An edition of Reflections from the archives!
(We’ve been at this a while, you and I, it seems…I hope you enjoy it)
***Don’t forget to look at the PS below for October 29th, 2020***
What a week. I’ve been talking about authenticity, vulnerability, truth-telling, and bravery of late. And I don’t know about you, but I’ve taken some huge steps to deepen my relationships with those qualities.
For example, this past week, on Tuesday and Friday, I published two blog posts, called “Hearing Voices” (parts one and two). The title was not euphemistic.
In case you’re not someone who reads my blogs, let me tell you just a bit about these posts. They tell the story of my learning I have bipolar disorder. They tell the story of my learning that what I had always thought of as “inner critics” actually qualify as auditory hallucinations. Needless to say, it was a scary realization, something harrowing to my sense of myself.
We all have stories we tell about ourselves, who we are, what we can and cannot do. We all have stories to make sense of our experiences, and we build those stories into identities. Over time, the limitations we build into those stories become fixed parts of our senses of ourselves.
“I’m too afraid to see a psychiatrist.” “I don’t have the attention span to do that.” “I’m too ashamed to talk to a doctor.”
These are all stories I have told myself. And they are also all stories I am working to change.
I read a quotation today, attributed to Helen Keller: “Although there is great suffering in the world, there is also great overcoming of it.” It’s true. We all suffer. We all have stories. And we have the opportunity to alleviate our suffering. We have the chance to change our stories.
In my case, it takes a combination of things, often gentleness, love, encouragement, faith, and persistence from the outside, as well as gentleness, persistence, love, faith, and courage from the inside.
You have it, my friend. Even if you feel stuck; even if you are stuck in a pattern you wish you could get out of, you have the courage to find the other qualities you need to change—change the story, change the identity, change the suffering.
I am a shockingly big person, my friends. I am terrified of doctors. I have been hurt, physically and emotionally, by doctors since I was young. But I have started seeing a new health care provider, despite my fears.
I have terrible pain in my knees. See fear of doctors above. But I started physical therapy this week.
My brain doctor is closing her practice. She and I have worked together for the last 8 ½ years. I am meeting with a new practitioner tomorrow. I’m terrified.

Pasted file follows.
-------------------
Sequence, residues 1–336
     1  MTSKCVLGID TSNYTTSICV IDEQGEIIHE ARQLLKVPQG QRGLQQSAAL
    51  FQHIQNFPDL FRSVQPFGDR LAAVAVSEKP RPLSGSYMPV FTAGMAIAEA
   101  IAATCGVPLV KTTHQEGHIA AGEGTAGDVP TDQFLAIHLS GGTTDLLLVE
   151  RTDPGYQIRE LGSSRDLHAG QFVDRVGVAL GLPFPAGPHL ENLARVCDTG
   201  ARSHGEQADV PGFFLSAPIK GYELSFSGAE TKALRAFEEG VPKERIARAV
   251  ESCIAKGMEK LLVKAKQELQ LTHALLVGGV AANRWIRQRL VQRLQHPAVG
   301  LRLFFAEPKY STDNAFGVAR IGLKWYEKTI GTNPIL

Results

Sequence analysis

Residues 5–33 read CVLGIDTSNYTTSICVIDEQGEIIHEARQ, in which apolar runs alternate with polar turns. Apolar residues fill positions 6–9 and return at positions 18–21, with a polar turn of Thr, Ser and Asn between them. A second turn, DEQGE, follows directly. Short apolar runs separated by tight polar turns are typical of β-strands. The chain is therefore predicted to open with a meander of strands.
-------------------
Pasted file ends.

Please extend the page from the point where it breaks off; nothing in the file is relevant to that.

I don’t mean to say, “If I can do it, you can do it.” We’re all different. My trans* friends have different reasons to be afraid of medical practitioners than I do. My friends and loved ones with undiagnosed chronic illness have yet different reasons. My friends who are sex workers are misunderstood, vilified, and dismissed as having “false consciousness.”
We all have reasons for not doing the things we’d like to and doing the things we don’t want to. (Thank you, Paul of Tarsus.)
Nonetheless, you do have the courage to take one turtle step toward what you want.
You can dare to do the living room dance party instead of being paralyzed by believing you “should” go to the gym. You can dare to open a channel of communication when you’ve been afraid to have a conversation. You can dare to bare your arms or legs in public when it’s warm, even though you’ve been afraid of what people might think.
You can dare to advocate for yourself when it’s called for—or to ask a trusted someone to come to the scary place with you.
This is my list, of course. What is your list? What are you afraid to do, to say, to be?
You have the courage. You are brave. You can do what you are most afraid to do. You can.
Eleanor Roosevelt said, “You must do the things you think you cannot do.” I don’t know about “must,” but I do know that “where there’s fear there’s power.” (Starhawk). I do know that the more I confront my fears of vulnerability and authenticity, the stronger I become.
I wish that same strength for you, beloveds. Blessings to you.
PS – Don’t forget to register for the party! What party? Why, A Toast for the Ancestors! Check it out, and come prepared to listen and share on Octgober 29th at 5:30 Pacific!